I'd be happy too.
We did have to pack up the sleeping bags and pads each morning. We would stuff the gear normally loaded in the back, down in the under the deck in the bench seat, so to haul 3 people this stuff needed to move. It was a very smooth transition each morning, Greg and I literally had it to under 5 minutes from park to sleep or sleep to driving, it was about as optimized as one could hope for with the situation. We would stuff our sleeping bags & roll the air pads, both of which stored in the roof cargo net. From there, open the second bench back open and slide those bags/boxes back to the back and we were off. Our team lunched along side the road often as well, the setups were designed to allow access to all of the food without needing to unpack a thing, we could have a table off the roof rack and the Red-Oxx chuck-bag open for cooking in under a minute. Kudos to those that laid out the system, I know Greg and Scott brainstormed much of the design and product selection and the gents at AT, Equipt and Proffitts dotted the i's and crossed the t's with the construction and setup.
The fridge sizes were adequate for our group size in fact we often stored things inside the fridges just to 'keep them full' rather than because we really needed too. We made an effort to cook/eat as much local fresh food as we could, thus we would stop in the small towns and visit their local market if we were not sitting down at a local cafe. Things like fresh bread, raw vegetables, etc were all re-stocked every few days as we traveled. In the event we couldn't find fresh foods or we got into a bind, the trucks had food-storage in the 'deep-nine' bins. Literally 2 weeks (or more) worth of emergency food was stuffed into a large duffel bag. We went through a couple of 1 gallon cans of the dehydrated meat (sausage and beef), using it in everything from eggs, burritos and spaghetti. The dehydrated meat was sourced by Greg from a local SLC company (turns out my SIL works for them) and I've grown quite fond of it, for dehydrated meat it was very tasty and filling.
While being self sufficient food wise is obviously an important factor, I think its also important to get to know the local culture and what a better way than at cafe's and diner's frequented only but the locals (very little tourism in these areas). In one case we ended up eating at the dining hall for a local gold mine, it was basically a company store that served meals and sold convenience store type snacks. Some of the neatest memories I have of Russia come from our interactions at the cafe's. We were enjoying our lunch in a small truckers cafe when Andery our fixer came busting through the door "Guys, guys, they have a bear!". We drop our lunch and walk behind the cafe, turns out they have a captive black bear whom enjoys left-overs from the cafe. Those experiences happened at nearly every stop. In another case, we were walking out of breakfast at a small cafe when again Andery our fixer bumped into a geologist whom had just traveled some of the routes we planned to voyage. He took us back to his office in an old government building, and walked us through some very detailed maps they had assembled through their trips into the Road of Bones.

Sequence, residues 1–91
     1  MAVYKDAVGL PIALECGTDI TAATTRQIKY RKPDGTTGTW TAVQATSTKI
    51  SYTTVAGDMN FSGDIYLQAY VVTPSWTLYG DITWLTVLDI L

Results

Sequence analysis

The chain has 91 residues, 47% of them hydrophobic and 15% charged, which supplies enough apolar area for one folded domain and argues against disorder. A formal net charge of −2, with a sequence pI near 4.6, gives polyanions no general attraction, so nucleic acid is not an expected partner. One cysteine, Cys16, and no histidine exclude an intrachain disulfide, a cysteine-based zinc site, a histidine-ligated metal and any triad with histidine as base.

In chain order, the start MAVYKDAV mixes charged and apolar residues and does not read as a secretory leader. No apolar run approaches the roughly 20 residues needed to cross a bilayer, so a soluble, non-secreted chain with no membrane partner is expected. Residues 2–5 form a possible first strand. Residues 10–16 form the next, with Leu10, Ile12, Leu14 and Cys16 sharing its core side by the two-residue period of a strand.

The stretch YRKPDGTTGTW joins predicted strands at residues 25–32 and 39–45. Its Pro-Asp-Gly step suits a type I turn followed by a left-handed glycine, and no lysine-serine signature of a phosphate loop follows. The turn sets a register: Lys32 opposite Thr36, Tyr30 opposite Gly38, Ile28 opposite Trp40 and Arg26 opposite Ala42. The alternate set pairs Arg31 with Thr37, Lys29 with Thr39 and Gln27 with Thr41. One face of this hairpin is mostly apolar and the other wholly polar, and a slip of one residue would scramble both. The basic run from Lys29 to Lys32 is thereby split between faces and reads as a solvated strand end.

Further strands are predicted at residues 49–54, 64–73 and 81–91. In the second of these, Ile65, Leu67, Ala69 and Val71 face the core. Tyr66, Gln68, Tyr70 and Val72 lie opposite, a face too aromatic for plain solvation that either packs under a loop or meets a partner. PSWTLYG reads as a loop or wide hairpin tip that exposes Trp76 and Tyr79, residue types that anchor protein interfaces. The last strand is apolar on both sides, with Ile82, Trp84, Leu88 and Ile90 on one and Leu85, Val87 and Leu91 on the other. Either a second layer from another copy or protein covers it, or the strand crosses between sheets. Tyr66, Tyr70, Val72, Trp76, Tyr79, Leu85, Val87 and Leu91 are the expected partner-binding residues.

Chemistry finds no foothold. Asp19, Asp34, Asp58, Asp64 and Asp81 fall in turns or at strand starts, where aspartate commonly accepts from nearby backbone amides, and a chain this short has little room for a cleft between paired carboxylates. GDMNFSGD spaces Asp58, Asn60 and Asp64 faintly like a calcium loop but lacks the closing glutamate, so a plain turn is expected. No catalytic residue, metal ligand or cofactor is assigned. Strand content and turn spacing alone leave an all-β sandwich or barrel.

There were 5 in our group between the two rigs. Scott's rig was primarily setup for 2 passengers and Greg's was setup for 4 passengers. We had plenty of room for personal gear, in fact our goal packing each morning was to keep the back seat of Greg's rig clear. This allowed the person in the back seat to stretch out and get some rest, its fair to say everyone got their share of sleep in that back seat over the weeks. We packed appropriate for the trip and knew that excessive luggage was going to be a detriment to loading/unloading, etc. All of my personal gear was confined to a single ARB small duffle bag and a backpack, pretty easy to shuffle around. On the first day of my portion of the trip we had 2 extra participants (Kyle and Earl whom had participated in the first few weeks of the trip), with the extra bodies and gear Scott's rig was setup with the back seat and we were storing gear on the roof racks in the gear bags.
The trucks are equipped with hot water systems but we never ended up utilizing them, had the conditions warranted it would have been an easy deploy but it was never really on our minds We stayed in hostel/hotel type places every few nights but it was cold (not sweaty) and we all did our best with personal hygiene so I don't think anyone we begging for a shower (or begging someone else to take a shower) at any point on the trip. Again if it reached that point the system is in place, we just didn't need it.
Water wasn't ever an issue. Each truck had ~5 gallons on board, when shopping at the local markets we would occasionally pickup 1 gallon jugs of water to keep handy in the vehicle. It seemed we each had a nalgene or similar bottle and we would refill as needed from the jugs or container in the back. The trucks had water purifiers packed away, if clean water was an issue at markets or such, there were rivers and lakes often enough that we would never have had an issue.
Hope that helps, lemme know if anything else pops up.